A will is a witnessed document that sets out in writing the deceased's wishes for his or her possessions, (called his or her 'estate'), after death.
It is important for you to make a will because if you do not, and die without a will, the law on intestacy decides what happens to your property. A will can ensure that proper arrangements are made for your dependants and that your property is distributed in the way you wish after you die, subject to certain rights of spouses/civil partners and children.
It is also advisable to complete and keep updated a list of your assets. You can use a form such as our form, Where my possessions are kept. It will make it easier to identify and trace your assets after you die. You should keep the list in a safe place.
If you have made a will, you are called a testator (male) or testatrix (female). A person who dies having made a valid will is said to have died 'testate'. If you die testate, then all your possessions will be distributed in the way you set out in your will. It is the job of the executor or executors you named in your will to make sure this happens. There are legal limits as to how much of your property goes to which person, as set out in law in the Succession Act, 1965. An executor can be a beneficiary under the will. In other words, the executor can also inherit under the will.
After you die, somebody has to deal with your estate, by gathering together all your money and possessions, paying any debts you owe and then distributing what is left to the people who are entitled to it. If you leave a will before you die, one or more of the executors you named in your will usually has to get legal permission from the Probate Office or the District Probate Registry for the area in which you lived at the time of death to do this. Permission comes in the form of a document called a Grant of Representation.
If you did not name any executors in your will or if the executors are unable or unwilling to apply for a Grant of Representation, documents called Letters of Administration (With Will) are issued. When your estate is distributed, the legal rights of your spouse/civil partner and children, if any, will be fulfilled first after any debts are paid before any other gifts are considered.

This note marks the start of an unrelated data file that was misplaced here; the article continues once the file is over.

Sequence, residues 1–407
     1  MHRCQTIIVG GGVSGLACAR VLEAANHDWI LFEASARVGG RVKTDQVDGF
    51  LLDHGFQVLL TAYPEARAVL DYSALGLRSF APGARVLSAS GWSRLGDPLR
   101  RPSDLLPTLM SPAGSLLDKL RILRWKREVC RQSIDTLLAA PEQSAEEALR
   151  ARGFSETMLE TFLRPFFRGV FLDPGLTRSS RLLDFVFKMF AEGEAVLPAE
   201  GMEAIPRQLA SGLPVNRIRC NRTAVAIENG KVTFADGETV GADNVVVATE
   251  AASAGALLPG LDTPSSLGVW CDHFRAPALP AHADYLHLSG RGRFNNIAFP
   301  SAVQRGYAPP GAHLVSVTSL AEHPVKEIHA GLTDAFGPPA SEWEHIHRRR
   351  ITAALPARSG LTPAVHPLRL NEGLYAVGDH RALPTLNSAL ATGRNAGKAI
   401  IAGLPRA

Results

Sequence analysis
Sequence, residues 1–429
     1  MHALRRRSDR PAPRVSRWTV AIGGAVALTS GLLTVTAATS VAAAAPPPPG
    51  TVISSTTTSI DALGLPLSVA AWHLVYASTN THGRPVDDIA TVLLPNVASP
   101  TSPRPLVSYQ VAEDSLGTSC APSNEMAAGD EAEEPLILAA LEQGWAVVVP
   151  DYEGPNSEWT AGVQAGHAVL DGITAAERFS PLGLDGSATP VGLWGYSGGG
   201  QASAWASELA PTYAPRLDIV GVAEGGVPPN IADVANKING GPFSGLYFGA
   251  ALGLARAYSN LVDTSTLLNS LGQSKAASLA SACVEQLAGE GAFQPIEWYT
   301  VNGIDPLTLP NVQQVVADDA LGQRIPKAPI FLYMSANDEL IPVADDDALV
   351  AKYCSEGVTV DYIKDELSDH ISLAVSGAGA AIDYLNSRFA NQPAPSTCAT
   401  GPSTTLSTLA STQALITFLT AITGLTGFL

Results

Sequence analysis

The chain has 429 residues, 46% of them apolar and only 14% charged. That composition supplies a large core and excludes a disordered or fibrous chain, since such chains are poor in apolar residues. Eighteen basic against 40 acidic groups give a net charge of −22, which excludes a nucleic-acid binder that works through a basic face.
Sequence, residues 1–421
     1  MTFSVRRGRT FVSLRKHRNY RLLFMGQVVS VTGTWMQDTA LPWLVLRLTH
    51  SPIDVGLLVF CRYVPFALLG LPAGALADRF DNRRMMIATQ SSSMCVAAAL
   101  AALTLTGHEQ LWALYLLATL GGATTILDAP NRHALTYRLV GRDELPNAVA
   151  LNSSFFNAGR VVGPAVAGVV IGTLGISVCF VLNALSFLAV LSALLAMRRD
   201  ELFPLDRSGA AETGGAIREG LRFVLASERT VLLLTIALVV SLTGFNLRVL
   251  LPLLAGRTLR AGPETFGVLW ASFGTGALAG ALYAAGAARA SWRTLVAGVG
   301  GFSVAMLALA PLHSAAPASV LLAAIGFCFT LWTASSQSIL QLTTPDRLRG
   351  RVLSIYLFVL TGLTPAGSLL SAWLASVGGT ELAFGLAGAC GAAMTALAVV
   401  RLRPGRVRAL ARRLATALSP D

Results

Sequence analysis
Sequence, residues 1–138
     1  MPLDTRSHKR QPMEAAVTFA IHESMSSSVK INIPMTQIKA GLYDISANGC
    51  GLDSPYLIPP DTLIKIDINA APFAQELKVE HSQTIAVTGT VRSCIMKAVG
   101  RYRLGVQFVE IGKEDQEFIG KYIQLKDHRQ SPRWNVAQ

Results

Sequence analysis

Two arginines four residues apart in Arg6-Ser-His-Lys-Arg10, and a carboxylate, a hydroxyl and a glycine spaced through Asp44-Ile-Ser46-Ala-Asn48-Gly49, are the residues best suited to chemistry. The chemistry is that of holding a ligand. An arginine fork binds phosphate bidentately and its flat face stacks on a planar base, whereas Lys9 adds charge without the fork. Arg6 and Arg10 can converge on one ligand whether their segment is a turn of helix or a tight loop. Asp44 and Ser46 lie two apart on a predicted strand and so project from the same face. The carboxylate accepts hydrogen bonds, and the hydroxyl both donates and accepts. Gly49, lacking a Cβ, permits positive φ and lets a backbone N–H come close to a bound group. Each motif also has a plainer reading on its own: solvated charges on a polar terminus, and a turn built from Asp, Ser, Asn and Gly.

A person who dies without a will is said to have died 'intestate'. If you die intestate, this means your estate, or everything that you own, is distributed in accordance with the law by an administrator. To do this, the administrator needs permission in the form of a Grant of Representation. When a person dies without a will or when their will is invalid, this Grant is issued as Letters of Administration by the Probate Office or the District Probate Registry for the area in which the person lived at the time of death.
The legal rules governing the distribution of your property apply:
In these cases, after debts and expenses have been deducted, the estate is distributed in the following way.
If you are survived by:
It is possible to draw up a will yourself or you can hire a solicitor to help you. For a will to be legally valid, the following rules apply:
These are legal requirements and if they any of them are not met, the will is not valid. If you want to change your will after you make it, you can add a codicil (amendment or change) to your will; this codicil must meet the same requirements set out above.
You do not have to have your will in any set format. However, it is important that the will has the following:
If you are unable to sign your will due to ill-health or illiteracy, it is acceptable for you to sign your will by means of a mark.
If you are physically disabled to the extent that you are unable to sign or mark your will, it is possible for you to direct an agent or representative to sign your will for you. Your agent must sign the will in your presence and on your direction and your two witnesses must be present. You then adopt this signature as your own.
In order to make a valid will, you must not only set out your wishes in a written and witnessed document, but you must also have, in the eyes of the law, the mental capacity to do so. This means you must make your will with "understanding and reason" and not be suffering from mental conditions such as delusion, insane suspicion or aversion.
It is your mental condition at the time you made your will is that legally relevant. If you suffer from any mental disorder, it is important that evidence is left with your will (for example, from a doctor) that proves you were mentally competent at the time you made the will. Otherwise, your will can be open to challenge.